Date: Thu, 17 Oct 2002 13:24:36 -0400 From: "Christian Rausch" <christian at rauschbiercompany.com> Subject: Drilling Holes in SS Conduit punches work real well for punching clean bur free holes in SS. I have used this method for many holes and have never had an issue. The nice thing is the fact that you need only a small pilot hole to get started. Much easer than trying to drill a 7/8" hole. Hope this helps Jay. Cheers! Christian Rausch Return to table of contents
Date: Thu, 17 Oct 2002 18:46:23 +0000 From: AJ <ajdel at mindspring.com> Subject: pH and Astringency I'm afraid I must agree with Steve that the pH/phenol extraction thing is probably another one of those that is accepted in the brewing industry/hobby as gospel. At least I can't recall seeing mention of any reports of quantitative relationships between phenol extraction and pH. There must be some observations relating perceived astringency to sparging practice, though. It should be a simple matter to check out quantitatively, at least grossly, and I'd love to do it except that all lab stuff went into boxes in the basement when they tore my wife's kitchen (= my lab) apart. But the end is in sight! I don't have water or electricity in my new lab (over the new garage - no girls, except brewsters, allowed) yet but I do have walls, floor, and ceiling. I might be back in business in a month or so. I'm at the point where I'm allowing my thougths to turn to such things and this sounds like a neat experiment to do. A.J. Return to table of contents
Date: Thu, 17 Oct 2002 14:07:46 -0600 From: "Gary Glass" <gary at aob.org> Subject: Teach A Friend To Homebrew Day The AHA's 4th Annual Teach A Friend To Homebrew Day scheduled for Saturday November 2 is rapidly approaching. This is your chance to give back to the homebrew community and the local homebrew shop by adding to the brewing ranks. Just think about how good it will feel to educate some of those sorry souls, who as of yet have not discovered the joys of homebrewing. Think of it as homebrewing activism. Register your site by October 23 and the AHA will send you free copies of our 24 page beginners guide to homebrewing, Zymurgy for Beginners. Register your site at http://www.beertown.org/AHA/teachbrew/teachday.htm. Be sure to come back after the 2nd to let us know how many participants you had. If you haven't checked out the AHA Pub Discount Program lately, we've added a few more pubs and expect to keep adding more, so check back frequently at http://www.beertown.org/pubs.htm. I think I saved the cost of the $38 membership within three or four visits to various Rock Bottom locations around here (there is one conveniently located between Boulder and Denver that made for a nice stop on the way home from sorting Great American Beer Festival entries down in Denver). The servers aren't always familiar with the program, but they've always been courteous with me and I've always gotten the discount after the server talked with the manager. Be sure to tip your servers on the based on the pre-discounted bill! Cheers! Gary Glass, Project Coordinator Association of Brewers 888-U-CAN-BREW (303) 447-0816 x 121 gary at aob.org www.beertown.org Saturday November 2, 2002 is Teach A Friend To Homebrew Day. Register your site now at http://www.beertown.org/AHA/teachbrew/teachday.htm. Return to table of contents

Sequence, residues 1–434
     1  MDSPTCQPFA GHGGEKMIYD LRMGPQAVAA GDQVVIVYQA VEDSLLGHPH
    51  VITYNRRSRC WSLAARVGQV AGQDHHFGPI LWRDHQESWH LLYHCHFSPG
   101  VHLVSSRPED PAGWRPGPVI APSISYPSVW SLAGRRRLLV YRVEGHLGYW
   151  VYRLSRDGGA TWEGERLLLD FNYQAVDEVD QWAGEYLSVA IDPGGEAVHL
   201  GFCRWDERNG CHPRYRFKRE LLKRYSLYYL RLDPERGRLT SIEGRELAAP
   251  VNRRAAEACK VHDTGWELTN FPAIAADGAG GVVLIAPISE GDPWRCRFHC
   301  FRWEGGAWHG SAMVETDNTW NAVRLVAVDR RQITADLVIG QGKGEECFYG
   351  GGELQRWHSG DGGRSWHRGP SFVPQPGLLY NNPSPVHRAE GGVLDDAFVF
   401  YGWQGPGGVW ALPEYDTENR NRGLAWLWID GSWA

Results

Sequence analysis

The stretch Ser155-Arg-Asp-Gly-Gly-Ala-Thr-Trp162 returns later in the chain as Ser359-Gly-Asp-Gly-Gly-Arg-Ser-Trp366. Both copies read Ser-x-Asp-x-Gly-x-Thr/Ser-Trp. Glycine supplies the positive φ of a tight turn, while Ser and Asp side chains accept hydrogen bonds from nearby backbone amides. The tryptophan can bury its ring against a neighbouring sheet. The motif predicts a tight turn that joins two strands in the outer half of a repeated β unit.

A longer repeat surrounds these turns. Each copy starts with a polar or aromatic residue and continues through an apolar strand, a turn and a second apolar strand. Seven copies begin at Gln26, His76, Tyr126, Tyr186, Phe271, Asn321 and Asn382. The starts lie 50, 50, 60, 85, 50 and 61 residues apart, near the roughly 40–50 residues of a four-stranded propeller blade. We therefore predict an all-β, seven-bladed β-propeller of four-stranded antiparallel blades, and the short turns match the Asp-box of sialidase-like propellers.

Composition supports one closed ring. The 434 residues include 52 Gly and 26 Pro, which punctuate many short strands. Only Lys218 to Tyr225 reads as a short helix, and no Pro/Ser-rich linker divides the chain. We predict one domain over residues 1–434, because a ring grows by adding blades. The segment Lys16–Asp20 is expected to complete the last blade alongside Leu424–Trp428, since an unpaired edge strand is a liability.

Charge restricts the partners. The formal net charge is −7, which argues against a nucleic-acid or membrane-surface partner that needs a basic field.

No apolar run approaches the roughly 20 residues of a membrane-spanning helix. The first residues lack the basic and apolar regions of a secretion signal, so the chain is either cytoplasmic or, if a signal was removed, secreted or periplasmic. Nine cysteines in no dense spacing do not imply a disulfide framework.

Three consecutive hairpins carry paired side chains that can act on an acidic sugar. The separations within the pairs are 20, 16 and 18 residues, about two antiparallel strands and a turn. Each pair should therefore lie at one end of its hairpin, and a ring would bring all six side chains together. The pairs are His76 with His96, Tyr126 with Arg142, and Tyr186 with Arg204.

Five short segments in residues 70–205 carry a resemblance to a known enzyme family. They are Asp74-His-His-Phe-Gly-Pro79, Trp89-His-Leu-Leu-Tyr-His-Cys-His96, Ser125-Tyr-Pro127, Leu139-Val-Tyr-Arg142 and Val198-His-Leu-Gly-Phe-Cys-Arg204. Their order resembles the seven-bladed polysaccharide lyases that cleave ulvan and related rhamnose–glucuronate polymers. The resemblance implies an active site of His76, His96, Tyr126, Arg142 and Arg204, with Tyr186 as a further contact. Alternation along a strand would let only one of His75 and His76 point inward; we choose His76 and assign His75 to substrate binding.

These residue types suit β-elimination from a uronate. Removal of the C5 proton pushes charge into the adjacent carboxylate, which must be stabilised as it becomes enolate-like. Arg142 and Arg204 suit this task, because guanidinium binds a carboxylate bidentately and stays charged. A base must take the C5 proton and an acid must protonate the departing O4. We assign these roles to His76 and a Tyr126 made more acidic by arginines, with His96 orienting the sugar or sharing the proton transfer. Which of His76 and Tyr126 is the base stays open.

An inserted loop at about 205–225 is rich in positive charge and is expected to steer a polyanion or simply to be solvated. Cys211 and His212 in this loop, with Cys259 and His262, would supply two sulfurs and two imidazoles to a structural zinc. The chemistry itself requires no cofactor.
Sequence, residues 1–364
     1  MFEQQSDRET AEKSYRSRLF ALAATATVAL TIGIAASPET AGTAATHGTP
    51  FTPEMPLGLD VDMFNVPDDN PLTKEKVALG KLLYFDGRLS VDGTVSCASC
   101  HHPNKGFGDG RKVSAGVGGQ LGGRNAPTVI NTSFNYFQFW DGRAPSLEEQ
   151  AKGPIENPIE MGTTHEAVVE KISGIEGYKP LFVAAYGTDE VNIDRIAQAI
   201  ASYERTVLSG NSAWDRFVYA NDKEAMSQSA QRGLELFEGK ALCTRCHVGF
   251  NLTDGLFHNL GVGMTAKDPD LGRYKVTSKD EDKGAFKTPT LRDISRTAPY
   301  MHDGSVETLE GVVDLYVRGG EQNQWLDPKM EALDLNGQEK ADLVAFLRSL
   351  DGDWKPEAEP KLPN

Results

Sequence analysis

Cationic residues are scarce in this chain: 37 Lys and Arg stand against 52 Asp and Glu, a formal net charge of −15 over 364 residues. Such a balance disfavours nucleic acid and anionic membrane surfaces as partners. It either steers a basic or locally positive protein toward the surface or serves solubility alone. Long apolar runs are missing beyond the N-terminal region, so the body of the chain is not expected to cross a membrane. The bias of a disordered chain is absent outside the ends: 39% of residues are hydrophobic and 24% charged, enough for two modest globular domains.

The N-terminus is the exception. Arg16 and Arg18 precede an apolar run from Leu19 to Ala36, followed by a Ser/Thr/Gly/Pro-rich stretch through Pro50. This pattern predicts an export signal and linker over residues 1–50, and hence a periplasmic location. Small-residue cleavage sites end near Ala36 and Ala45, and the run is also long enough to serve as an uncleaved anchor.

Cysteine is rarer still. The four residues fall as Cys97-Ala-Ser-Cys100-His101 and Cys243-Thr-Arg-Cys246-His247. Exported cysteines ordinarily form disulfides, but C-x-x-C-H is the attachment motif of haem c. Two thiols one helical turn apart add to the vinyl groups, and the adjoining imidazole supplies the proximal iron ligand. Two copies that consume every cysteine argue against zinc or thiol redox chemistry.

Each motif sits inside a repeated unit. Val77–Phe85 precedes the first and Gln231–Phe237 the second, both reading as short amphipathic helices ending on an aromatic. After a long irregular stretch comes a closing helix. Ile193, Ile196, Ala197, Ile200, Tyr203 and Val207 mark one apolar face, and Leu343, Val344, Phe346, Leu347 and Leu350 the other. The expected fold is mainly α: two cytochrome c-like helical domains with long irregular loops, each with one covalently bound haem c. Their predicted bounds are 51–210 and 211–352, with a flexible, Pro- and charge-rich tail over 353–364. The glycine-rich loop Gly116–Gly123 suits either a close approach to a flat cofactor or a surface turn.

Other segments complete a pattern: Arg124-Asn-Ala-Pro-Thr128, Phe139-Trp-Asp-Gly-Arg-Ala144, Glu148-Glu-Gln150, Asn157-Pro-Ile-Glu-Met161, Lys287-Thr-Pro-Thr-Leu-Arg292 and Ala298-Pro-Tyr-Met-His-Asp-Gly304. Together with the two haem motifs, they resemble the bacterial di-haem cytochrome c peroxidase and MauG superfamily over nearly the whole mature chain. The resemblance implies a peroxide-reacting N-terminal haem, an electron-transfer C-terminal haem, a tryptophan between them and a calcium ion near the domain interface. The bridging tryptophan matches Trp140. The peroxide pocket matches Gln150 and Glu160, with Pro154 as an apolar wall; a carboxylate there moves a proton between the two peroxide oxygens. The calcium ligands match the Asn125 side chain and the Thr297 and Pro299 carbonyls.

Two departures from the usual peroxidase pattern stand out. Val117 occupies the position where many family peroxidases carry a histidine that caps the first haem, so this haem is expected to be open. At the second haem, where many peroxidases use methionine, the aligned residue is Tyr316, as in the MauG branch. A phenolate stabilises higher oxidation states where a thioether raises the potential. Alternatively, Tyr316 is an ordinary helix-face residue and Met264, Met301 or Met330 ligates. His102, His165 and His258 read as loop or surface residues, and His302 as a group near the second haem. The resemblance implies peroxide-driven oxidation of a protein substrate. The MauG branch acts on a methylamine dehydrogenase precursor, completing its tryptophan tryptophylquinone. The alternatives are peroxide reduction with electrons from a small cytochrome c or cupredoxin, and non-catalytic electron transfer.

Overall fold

Date: Thu, 17 Oct 2002 21:42:01 -0400 From: mohrstrom at core.com Subject: Big Holes Jay, concocting his very own cylindro-conical, asks: > I am in need of the most effective way to drill the 7/8" > holes in the side and bottom to mount the valves. Jay - get thee a Unibit. These are drill bits that look like a stepped cone, and are handy for drilling large(r) hole in about any thin-walled material. Cost you about $20-25 for an initial investment, but great to have around the domicile (but I'm just a fool for tools ...) Mark in Kalamazoo Return to table of contents